One of the known issues with Paos is that the window rubber often shrinks, and getting new window rubber is next to impossible. My window rubber has shrank in many locations, leaving unsightly gaps that, even worse than being unsightly, can let water enter places where I’d much rather remained water-free.
I mean, I love water, don’t get me wrong, I’m practically made of, like 75 percent of the stuff, but it rains a lot here and rust is one of those things that makes me sob in my sleep, a little. So, I decided I needed to find a way to, if not replace the rubber, help it do its water-bouncer job.
So, I got some black gasket maker, and proceeded to fill in gaps in rubber window seals like a drunk and sloppy baker frosting a cake. I accomplished my goal, in that I plugged a number of alarming holes in the rubber seals, but all of them look like I used jet-black cream cheese to do it.
While I can’t say I’m actually happy with the results, I’m okay with it. The water is definitely kept out, and if you’re not looking at it all magnified like that photo there, you don’t really notice it. I know this would drive some people absolutely batshit, but, well, I guess I’m not one of those people.
Maybe one day I’ll get new rubber cut for these, but, for now, it works.
My list of things I still need to do to the car isn’t huge, but they’re important. I still need new shocks up front, I need to change out all the vacuum lines in the car, and I need to re-wire my foglamps.
I think I’ll do the vacuum lines first, since that’ll make a big difference in how smoothly the engine idles, and may help the performance of the car under A/C loads, too. I just need to figure out where all those sneaky vacuum lines are.
The foglights are currently connected via the factory foglight switch, which someone had wired into the parking light circuit, which means I’m just tapping off those. I felt some of the wires getting hot, so I decided to disconnect them for now and do them up right, with a new switch and relay, since I don’t want to set my car on fire, as a general rule.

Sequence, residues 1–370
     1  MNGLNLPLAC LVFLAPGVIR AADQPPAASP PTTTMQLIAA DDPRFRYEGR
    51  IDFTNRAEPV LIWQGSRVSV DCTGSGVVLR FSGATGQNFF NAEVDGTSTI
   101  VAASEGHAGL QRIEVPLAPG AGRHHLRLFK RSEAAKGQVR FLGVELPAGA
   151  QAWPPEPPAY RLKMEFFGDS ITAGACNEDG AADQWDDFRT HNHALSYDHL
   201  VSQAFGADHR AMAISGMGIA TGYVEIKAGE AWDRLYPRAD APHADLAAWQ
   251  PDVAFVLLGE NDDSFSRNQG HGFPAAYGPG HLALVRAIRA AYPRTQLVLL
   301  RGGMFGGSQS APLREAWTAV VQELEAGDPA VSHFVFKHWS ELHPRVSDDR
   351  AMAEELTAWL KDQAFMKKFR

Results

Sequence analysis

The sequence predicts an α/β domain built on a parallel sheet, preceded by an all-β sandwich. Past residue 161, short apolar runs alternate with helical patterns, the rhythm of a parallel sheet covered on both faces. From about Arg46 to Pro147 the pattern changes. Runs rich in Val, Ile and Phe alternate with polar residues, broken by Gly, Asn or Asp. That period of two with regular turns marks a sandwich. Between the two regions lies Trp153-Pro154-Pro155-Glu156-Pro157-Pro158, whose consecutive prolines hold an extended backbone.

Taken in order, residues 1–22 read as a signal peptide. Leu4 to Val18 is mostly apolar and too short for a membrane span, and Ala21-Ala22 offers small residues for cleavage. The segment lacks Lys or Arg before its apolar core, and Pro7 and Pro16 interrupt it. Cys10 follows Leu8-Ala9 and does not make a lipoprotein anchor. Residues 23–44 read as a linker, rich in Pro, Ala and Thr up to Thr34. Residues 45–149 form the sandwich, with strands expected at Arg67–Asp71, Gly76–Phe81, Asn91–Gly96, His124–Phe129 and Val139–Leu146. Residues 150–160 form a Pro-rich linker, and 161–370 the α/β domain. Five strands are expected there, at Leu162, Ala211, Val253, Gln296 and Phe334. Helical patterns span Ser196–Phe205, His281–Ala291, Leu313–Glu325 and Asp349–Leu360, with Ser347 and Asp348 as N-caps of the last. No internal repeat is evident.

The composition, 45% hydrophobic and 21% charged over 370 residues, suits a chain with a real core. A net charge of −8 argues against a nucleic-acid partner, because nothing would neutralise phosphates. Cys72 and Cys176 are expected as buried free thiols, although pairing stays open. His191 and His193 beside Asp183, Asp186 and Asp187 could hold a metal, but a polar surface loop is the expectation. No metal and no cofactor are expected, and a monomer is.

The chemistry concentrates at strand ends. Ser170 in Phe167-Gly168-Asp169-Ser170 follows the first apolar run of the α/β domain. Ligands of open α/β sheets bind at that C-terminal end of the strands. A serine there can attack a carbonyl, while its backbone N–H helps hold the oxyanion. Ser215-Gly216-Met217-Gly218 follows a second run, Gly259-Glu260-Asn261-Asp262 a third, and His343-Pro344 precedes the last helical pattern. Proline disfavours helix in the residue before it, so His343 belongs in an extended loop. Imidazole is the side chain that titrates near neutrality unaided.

The struts I’ll probably order and have someone do, since I don’t have much experience with spring compressors, and I’m the sort of mechanic who just might end up kebabing himself on a improperly compressed spring.
Did I mention again that I adore this car? Because I do. It feels so damn good to be inside this charming little thing, puttering around. Really, the city should be paying me some sort of stipend, because nearly everyone who sees it go by turns and smiles, at least a little bit.
People always ask about it, they stop and take pictures, and the look on their faces as they do is one of slightly bemused wonder, a mix of mild confusion and amusement, a sort of reminder that the world still possesses things about which they may not have known, but have the capacity, somehow, to transfer happiness. I like causing that feeling by driving the Pao around.
I valeted the car for the first time when I drove it to a Volkswagen event in Durham, and the valet was genuinely excited to drive it. Just by going about my business, I managed to make someone’s day a little more interesting. That’s great!
Alternately, when I do encounter people who walk by the car and don’t give a second glance, I find myself becoming something of a jerk, at least in my inner monologue. What’s the matter with you people, I’ll wonder. Doesn’t anybody look around anymore? This isn’t some Prius, dummy!
That’s not fair of me. I gotta keep that shit in check.
If there’s a greater take-away here, it’s that I think it’s worth it to get yourself a car that you really like, deep in your gut, even if maybe it’s not the absolute most rational choice.
Sure, that’s a luxury maybe not everyone can afford at this moment, but it’s a worthwhile goal.
Oh, and speaking of affording, with gas prices rising, I should mention that I’ve never managed to put more than eight gallons into the Pao. And my range seems great. I think that 40+ MPG thing may actually be true!
I can’t wait to keep driving this thing.